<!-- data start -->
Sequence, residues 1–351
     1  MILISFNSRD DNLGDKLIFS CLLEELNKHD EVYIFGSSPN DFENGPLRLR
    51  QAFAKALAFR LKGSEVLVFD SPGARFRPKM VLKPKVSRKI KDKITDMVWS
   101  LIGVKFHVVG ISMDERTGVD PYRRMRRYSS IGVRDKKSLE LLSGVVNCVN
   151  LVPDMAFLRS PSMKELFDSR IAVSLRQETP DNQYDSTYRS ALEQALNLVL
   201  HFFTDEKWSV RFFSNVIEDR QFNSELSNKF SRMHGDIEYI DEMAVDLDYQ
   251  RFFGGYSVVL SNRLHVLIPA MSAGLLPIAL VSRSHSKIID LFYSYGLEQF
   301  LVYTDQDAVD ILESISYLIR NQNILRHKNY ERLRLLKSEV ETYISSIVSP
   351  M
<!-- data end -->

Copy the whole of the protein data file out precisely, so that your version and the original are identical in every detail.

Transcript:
Sequence, residues 1–351
     1  MILISFNSRD DNLGDKLIFS CLLEELNKHD EVYIFGSSPN DFENGPLRLR
    51  QAFAKALAFR LKGSEVLVFD SPGARFRPKM VLKPKVSRKI KDKITDMVWS
   101  LIGVKFHVVG ISMDERTGVD PYRRMRRYSS IGVRDKKSLE LLSGVVNCVN
   151  LVPDMAFLRS PSMKELFDSR IAVSLRQETP DNQYDSTYRS ALEQALNLVL
   201  HFFTDEKWSV RFFSNVIEDR QFNSELSNKF SRMHGDIEYI DEMAVDLDYQ
   251  RFFGGYSVVL SNRLHVLIPA MSAGLLPIAL VSRSHSKIID LFYSYGLEQF
   301  LVYTDQDAVD ILESISYLIR NQNILRHKNY ERLRLLKSEV ETYISSIVSP
   351  M